'Timo and the Magical Picture Book' was written by well-known Dutch author Rian Visser and is illustrated by Klaas Verplancke, one of Belgium's most celebrated illustrators. It is a story app for younger readers (3-7 years).  It is about a little boy called Timo who receives an unusual birthday gift, a magical picture book from his uncle. A parcel that was not to be shaken, but... When Timo begins reading his new book he finds himself and his family mixed up into the story. As Timo enters the book, the app reader is able to interact with the illustrations, shaking and touching the images to elaborate on the story.

While the app doesn't have all the bells and whistles of the Morris Lessmore, it is an appealing picture book that has just enough interactivity to support the narrative. There are a few design ideas that I'm not keen on, for example, the font was a bad choice and didn't work that well over the illustrations. The animation also lacks a little of the sophistication of apps like Morris Lessmore, but it works well enough for readers that I've shared the app with. For me, this app does a good job balancing the interactive elements and story. The app plays English or Dutch language and the reader's voice is warm and friendly, although at times the reading is a little staccato.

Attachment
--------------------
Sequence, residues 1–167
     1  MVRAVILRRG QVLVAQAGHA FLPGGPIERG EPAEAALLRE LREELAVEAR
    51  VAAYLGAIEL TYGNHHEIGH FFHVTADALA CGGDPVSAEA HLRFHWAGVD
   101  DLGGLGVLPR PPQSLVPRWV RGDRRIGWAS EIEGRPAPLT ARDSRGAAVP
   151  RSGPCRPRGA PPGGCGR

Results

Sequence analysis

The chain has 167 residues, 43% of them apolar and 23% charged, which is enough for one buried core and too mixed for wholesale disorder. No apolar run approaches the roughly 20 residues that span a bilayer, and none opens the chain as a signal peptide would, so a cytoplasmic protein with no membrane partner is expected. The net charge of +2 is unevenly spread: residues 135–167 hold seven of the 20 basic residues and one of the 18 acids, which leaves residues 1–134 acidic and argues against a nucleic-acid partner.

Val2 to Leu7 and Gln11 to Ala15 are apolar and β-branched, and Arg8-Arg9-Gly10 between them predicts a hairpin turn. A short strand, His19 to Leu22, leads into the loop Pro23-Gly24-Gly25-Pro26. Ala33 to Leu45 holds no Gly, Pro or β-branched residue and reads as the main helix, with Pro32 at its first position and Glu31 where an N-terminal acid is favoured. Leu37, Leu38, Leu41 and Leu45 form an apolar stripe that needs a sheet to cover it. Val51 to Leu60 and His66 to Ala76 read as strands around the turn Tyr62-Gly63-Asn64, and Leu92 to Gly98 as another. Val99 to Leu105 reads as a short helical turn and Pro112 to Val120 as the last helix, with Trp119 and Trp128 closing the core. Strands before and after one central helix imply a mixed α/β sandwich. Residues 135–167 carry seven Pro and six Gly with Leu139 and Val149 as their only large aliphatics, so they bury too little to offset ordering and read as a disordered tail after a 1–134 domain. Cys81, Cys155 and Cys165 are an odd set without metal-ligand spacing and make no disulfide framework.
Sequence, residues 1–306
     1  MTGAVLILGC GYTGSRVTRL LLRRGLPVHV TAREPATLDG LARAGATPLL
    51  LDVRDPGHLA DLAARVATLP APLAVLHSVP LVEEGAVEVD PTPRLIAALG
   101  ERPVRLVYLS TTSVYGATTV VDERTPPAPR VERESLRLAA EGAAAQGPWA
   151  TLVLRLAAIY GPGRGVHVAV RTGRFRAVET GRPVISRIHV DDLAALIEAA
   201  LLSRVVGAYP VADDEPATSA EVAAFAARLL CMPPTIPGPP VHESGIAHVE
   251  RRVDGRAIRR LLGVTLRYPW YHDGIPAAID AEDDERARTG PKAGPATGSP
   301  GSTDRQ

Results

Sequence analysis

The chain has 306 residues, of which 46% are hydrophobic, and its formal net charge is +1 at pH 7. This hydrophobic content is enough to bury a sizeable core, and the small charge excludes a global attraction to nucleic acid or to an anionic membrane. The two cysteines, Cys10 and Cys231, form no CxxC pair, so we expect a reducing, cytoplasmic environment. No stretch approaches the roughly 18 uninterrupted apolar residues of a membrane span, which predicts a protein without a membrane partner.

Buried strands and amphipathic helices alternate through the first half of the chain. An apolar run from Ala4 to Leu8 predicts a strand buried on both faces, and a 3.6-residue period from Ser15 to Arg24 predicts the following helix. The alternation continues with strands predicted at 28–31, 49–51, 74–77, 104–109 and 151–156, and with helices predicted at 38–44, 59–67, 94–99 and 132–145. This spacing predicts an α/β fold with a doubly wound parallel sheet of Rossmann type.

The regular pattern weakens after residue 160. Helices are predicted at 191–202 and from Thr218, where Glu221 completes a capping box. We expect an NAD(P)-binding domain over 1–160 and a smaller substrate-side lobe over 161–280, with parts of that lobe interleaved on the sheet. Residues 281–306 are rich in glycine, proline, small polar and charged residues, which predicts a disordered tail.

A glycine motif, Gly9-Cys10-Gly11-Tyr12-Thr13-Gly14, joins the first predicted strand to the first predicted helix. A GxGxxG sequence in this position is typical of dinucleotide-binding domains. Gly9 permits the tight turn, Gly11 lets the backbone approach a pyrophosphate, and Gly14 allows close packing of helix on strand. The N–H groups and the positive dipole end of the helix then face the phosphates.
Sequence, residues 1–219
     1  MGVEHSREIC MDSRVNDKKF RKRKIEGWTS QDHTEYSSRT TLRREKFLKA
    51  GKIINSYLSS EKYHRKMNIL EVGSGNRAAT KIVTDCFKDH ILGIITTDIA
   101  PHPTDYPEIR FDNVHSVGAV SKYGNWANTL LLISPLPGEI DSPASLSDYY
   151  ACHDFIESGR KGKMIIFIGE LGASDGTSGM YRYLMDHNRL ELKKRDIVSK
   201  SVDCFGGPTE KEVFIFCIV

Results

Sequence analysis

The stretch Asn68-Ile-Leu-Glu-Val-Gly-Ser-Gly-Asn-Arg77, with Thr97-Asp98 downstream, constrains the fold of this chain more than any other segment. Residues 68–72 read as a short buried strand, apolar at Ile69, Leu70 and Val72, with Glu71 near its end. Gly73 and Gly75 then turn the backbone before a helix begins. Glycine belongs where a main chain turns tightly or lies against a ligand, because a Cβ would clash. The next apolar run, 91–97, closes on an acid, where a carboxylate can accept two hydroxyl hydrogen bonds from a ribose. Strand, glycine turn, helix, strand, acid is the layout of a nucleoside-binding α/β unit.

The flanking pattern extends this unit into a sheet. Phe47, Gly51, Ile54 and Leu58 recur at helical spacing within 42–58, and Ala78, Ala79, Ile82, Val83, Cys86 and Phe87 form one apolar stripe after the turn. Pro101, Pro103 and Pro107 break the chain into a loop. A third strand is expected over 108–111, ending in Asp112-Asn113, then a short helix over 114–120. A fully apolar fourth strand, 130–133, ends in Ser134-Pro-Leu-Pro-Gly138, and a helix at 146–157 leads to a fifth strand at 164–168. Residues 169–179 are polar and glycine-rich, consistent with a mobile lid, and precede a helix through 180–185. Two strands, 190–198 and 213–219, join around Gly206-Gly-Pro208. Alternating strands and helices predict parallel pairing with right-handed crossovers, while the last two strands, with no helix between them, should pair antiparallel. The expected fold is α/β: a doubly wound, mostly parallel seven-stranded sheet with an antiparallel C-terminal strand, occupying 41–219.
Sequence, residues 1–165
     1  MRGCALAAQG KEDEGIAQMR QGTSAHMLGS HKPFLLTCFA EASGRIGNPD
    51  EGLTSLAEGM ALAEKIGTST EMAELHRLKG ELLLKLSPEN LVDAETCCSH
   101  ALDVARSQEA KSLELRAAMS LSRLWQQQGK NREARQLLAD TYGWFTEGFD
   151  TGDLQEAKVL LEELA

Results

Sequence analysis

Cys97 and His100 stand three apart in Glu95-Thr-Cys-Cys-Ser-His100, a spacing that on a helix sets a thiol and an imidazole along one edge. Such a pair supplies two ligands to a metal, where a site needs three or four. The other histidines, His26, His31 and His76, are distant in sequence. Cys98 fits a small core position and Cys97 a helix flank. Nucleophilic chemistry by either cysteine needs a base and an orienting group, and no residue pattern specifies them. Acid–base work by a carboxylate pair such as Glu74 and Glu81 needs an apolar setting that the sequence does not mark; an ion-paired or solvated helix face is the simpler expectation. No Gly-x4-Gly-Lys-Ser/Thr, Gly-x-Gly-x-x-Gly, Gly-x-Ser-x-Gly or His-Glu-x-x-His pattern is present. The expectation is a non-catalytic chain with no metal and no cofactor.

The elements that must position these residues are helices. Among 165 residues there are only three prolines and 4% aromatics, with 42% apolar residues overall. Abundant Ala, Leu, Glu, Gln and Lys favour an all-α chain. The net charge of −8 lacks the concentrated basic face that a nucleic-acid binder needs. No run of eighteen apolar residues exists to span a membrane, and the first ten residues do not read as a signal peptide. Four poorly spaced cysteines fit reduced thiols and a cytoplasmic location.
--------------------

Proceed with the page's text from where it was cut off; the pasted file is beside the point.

a) Fun & Interactivity (4) - The interaction between Timo, the book and the app reader is quite clever.

b) Useability (3) - A simple app although the access to previous pages is a little clunky

c) Benefits for Literacy & Learning (3) - This is a basic story but the language is appropriate and the story structure clear.

d)  Story quality (4) - This is an excellent story that younger readers enjoy.

e) Image quality (4) - Simple illustrations and animation, yet appealing and appropriate.

f) Value (4) - At $US 3.99 it is excellent value.

Total Score = 22/30 (The higher the better)

4. 'The Three Pandas' by Valerie Min (See Here Studios)